he Crabwood Creek Rotary Club made a presentation of over 50 wheelchairs to persons in need of the equipment throughout Regions Five and Six. This presentation exercise, which is said to have cost the organisation approximately $6.5 million, was conducted at the Rotary club’s office. According to the rotary club’s secretary Carmen Ally, this is the first of many programmes the club has planned for the first quarter of 2014. “We have invited 50 needy persons who are in need of wheelchairs…, however, we have contracts for the recipients to sign in event that the person dies, the chair would be returned in order to be given to someone else in need of a wheelchair” she said. During 2013, the Crabwood Creek Rotary Club was able to complete several projects, some of which included a Christmas party for less fortunate children in the community. “Recently we have had parties for several schools on the Upper Corentyne where over 170 students were fed and presented with gifts and other goodies... we were also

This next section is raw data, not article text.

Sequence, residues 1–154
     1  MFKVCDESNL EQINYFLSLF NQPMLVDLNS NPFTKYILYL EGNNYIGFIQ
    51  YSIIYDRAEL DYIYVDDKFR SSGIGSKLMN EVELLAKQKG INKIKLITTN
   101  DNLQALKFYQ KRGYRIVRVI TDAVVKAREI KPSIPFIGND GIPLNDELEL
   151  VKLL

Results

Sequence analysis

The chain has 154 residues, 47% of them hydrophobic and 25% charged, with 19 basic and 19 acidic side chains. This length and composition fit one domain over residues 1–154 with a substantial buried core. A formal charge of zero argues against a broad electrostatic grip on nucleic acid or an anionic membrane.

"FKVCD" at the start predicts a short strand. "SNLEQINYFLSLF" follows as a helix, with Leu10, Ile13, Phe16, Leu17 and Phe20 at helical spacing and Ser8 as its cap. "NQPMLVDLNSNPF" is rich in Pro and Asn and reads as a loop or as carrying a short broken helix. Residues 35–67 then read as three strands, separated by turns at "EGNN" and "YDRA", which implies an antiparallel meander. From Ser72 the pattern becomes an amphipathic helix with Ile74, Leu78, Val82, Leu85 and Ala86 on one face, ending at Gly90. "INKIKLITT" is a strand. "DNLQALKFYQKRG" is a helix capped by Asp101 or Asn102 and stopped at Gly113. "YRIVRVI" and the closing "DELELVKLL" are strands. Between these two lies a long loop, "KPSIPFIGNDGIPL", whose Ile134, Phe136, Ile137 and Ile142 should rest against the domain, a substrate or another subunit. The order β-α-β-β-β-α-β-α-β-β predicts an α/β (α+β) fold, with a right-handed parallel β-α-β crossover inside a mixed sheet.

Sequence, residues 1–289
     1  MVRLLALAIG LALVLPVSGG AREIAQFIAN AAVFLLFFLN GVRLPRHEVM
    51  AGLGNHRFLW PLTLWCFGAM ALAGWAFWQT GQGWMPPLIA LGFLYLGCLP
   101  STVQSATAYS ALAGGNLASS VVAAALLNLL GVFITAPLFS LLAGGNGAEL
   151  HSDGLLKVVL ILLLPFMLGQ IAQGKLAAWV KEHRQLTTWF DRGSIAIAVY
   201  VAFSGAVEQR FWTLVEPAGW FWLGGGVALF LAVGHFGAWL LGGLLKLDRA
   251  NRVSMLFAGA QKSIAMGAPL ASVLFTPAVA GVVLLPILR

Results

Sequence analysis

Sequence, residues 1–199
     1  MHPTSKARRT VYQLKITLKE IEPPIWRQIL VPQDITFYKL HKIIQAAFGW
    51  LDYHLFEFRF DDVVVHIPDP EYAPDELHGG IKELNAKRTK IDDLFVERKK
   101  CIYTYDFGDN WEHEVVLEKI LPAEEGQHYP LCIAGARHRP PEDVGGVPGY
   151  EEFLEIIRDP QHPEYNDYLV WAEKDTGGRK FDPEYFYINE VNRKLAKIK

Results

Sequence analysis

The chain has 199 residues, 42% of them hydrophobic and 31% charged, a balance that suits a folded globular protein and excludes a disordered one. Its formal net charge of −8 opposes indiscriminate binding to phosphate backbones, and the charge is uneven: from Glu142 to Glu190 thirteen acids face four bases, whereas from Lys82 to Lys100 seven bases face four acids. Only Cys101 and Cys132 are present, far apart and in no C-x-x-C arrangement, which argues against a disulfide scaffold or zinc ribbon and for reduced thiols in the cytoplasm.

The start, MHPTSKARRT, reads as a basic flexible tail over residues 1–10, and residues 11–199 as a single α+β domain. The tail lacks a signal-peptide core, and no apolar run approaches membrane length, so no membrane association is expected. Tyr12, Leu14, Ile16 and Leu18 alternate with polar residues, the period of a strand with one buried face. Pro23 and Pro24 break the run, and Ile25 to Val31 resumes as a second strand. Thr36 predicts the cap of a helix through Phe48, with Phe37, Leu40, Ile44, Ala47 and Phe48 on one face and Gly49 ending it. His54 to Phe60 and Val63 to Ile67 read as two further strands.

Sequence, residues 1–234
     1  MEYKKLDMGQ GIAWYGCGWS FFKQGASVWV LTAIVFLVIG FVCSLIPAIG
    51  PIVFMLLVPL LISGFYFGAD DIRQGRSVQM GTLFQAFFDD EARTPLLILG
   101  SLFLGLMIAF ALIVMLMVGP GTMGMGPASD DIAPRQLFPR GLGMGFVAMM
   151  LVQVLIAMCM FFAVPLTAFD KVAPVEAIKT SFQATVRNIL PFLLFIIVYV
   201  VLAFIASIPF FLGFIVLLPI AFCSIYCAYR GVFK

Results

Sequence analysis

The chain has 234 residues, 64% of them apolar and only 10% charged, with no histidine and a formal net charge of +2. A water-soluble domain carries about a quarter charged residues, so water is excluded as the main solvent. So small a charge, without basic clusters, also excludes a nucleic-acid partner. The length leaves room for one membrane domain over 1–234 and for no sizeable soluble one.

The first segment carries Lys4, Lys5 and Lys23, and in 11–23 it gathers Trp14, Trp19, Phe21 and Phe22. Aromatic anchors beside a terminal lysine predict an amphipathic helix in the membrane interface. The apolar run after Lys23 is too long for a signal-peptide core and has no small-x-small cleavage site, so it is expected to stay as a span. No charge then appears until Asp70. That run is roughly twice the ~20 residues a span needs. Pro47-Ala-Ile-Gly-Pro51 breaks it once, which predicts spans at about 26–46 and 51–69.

able to treat 45 senior citizen in the area, however, earlier in the year the club selected 11 schools in the region and distributed school uniforms for both boys and girl” Ally stated. Meanwhile, several beneficiaries of wheelchairs disclosed how happy they are for the chairs, which they said would be of great assistance to them. Seventy-fouryear-old Totaram Dukhu of Crabwood Creek who was unable to be as mobile as he would have liked, due to constant pain in his foot, said he is thankful that he would be given a wheelchair from the rotary club.“This is four years now I can’t walk far, I have to take taxi… I been to all the doctors and I got no relief on the foot… if I walk too far, I will fall down… I want to thank God for getting me a wheelchair and I want to thank the rotary club for this opportunity” Dukhu said. Another recipient, 51-year-old Mitramanie Narine who was not able to move around for almost two years said he suffers from arthritis and really appreciates the effort by the rotary club in providing him with a wheelchair. “Every time I